The Politics of Fat: We Have to Keep Struggling to Liberate Ourselves from Self-Hatred
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Last weekend when "Mad Men" aired its second episode of the season, viewers blanched to see character Betty Draper, a frustrated housewife with no personal or professional outlet, sink into a spiral of weight gain, self-loathing and emotional overeating, begging her doctor for diet pills. While today's viewers may find Betty's plight simplistic or pat, the idea that body image and weight were interrelated with feminism was revolutionary for its time.
In fact, it changed the way activists looked at their bodies and politics. Even as this intersection between food, body image and politics has been debated, critiqued and absorbed, how far have we come?
Psychologist Susie Orbach’s debut book Fat Is a Feminist Issue celebrates 34 years of providing theoretical and practical musings on the relationship between women and fat. The book is equal parts self-help advice, psychology journal, gender studies, and fat-acceptance theory. As feminist and fat acceptance movements evolved from second-wave protests to contemporary digital activism, Fat Is a Feminist Issue connected the dots between two parallel causes for human rights while championing the individual’s right to be healthy and happy at every size. Orbach’s pioneer insistence that feminists needed to talk about body image and compulsive eating, while fat activists had to acknowledge issues of gender and difference, united two notorious social-activist movements that made progress possible across a dual spectrum of civil rights.
The second wave of U.S. mainstream feminism appeared well underway when Fat Is a Feminist Issue came to prominence. At a time when feminist rallies and actions organized predominantly around the Equal Rights Amendment and changes in the workplace – as well as the emergence of fat-acceptance protests without a framework for understanding gender – Orbach wanted to explore the private lives of female compulsive eaters. For a fat woman operating in the public sphere, life “centered on food, what she can and cannot eat, what she will or will not eat, what she has or has not eaten and when she will or will not eat next… The obsession with food carries with it an enormous amount of self-disgust, loathing and shame.”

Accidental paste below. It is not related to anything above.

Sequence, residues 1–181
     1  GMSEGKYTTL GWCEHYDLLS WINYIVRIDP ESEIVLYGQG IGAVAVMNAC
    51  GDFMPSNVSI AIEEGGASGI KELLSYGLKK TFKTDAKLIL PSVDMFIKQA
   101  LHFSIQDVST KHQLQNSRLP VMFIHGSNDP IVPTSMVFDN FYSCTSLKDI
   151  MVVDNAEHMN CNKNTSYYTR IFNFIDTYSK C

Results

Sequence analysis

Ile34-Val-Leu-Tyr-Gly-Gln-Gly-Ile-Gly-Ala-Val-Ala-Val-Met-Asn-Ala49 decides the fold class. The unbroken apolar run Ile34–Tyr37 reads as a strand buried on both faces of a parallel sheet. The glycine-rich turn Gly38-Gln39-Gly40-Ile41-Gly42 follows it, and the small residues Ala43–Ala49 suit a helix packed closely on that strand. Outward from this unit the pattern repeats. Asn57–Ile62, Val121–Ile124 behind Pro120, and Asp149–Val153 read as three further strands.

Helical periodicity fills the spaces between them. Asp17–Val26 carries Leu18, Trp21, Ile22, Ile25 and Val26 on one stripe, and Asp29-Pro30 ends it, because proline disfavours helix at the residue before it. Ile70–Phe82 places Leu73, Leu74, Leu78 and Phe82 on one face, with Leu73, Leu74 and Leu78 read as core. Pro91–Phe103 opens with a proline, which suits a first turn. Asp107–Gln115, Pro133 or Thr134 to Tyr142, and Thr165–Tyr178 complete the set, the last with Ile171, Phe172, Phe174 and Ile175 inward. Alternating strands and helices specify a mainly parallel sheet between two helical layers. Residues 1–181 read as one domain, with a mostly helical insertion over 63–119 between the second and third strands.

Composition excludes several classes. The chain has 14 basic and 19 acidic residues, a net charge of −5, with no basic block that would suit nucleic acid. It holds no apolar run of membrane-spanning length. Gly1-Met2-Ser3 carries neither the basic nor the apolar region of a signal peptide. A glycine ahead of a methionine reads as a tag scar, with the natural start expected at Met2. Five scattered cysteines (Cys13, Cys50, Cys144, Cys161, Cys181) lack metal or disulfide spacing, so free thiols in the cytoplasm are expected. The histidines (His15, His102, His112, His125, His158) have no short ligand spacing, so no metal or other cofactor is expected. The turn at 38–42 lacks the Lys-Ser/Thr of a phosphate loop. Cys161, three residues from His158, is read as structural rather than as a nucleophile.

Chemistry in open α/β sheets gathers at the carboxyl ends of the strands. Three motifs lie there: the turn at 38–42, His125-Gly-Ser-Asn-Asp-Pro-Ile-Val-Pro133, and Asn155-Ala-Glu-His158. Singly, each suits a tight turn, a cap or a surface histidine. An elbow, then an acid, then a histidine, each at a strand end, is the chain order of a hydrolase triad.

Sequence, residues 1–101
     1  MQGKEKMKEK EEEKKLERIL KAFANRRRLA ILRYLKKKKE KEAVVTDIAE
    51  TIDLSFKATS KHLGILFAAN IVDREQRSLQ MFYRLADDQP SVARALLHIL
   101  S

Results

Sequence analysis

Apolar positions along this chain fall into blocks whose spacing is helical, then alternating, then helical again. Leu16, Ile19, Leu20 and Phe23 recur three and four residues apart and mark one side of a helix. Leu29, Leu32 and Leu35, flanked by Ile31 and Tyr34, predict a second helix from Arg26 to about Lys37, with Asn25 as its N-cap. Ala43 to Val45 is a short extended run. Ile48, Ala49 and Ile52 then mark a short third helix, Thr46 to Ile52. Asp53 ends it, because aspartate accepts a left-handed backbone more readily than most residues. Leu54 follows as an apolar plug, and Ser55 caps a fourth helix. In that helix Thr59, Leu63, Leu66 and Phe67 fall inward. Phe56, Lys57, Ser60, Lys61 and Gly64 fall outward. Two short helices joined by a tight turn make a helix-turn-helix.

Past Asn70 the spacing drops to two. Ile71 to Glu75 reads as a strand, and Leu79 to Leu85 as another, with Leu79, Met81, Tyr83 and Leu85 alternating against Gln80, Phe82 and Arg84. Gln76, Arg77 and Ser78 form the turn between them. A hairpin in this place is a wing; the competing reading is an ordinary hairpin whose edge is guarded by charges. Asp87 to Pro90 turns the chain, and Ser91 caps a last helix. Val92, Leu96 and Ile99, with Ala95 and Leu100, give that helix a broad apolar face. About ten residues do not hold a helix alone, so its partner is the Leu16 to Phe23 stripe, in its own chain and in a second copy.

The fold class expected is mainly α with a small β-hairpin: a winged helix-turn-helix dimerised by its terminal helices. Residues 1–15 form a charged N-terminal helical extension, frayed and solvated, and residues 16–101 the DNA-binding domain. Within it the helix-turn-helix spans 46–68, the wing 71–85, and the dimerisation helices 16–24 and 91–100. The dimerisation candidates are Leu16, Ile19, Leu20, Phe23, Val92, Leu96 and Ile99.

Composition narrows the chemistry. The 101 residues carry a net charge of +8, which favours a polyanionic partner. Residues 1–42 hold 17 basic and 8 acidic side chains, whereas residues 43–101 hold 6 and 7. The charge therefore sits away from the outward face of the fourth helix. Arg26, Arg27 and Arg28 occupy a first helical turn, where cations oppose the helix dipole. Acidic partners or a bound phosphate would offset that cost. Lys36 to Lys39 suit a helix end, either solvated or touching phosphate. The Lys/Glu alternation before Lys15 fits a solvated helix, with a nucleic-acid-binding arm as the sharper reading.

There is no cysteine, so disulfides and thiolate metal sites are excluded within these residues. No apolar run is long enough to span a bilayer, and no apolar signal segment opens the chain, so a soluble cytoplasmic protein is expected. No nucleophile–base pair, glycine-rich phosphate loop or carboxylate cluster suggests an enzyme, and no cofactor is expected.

In 1970, the Boston Women’s Health Collective published a 35-cent booklet that morphed into the classic tome, Our Bodies, Ourselves . Eight years later, Fat Is a Feminist Issue showcased Orbach’s clinical, activist and often personal work battling fat oppression.
Within a few years of Orbach’s debut release making the rounds in book clubs and classrooms, the feminist backlash of the 1980s became all too apparent. Critics claimed that feminism’s modest (read: staggering) social and political gains were more than satisfactory. They wanted the general public to embrace post-feminist gender equality. Mostly, the naysayers got their way. Gone were the days of Orbach’s group consciousness-raising sessions, where community members shared stories of fat shaming, body dysmorphia and eating disorders — a public space that exposed a common hatred of fat and frequently female bodies while fumbling on the path to liberation. But where the groups left off, popular literature became the outreach to disseminate the gains of activists.
One of the author’s shortcomings in 1974 was the narrowness of her topic’s scope, particularly when it came to issues of race, genders other than cis women, sexual orientation, and disability. In the preface, Orbach noted that the groups of women she worked with were composed entirely of North American and European white women; similarly, discussions on queer fat bodies, trans* fat bodies, and disabled fat bodies (outside the purview of eating disorders) are not referenced in the text. However, as both feminist and fat-positive movements took their message to the Internet, conversations among various social justice-minded communities continue to expand.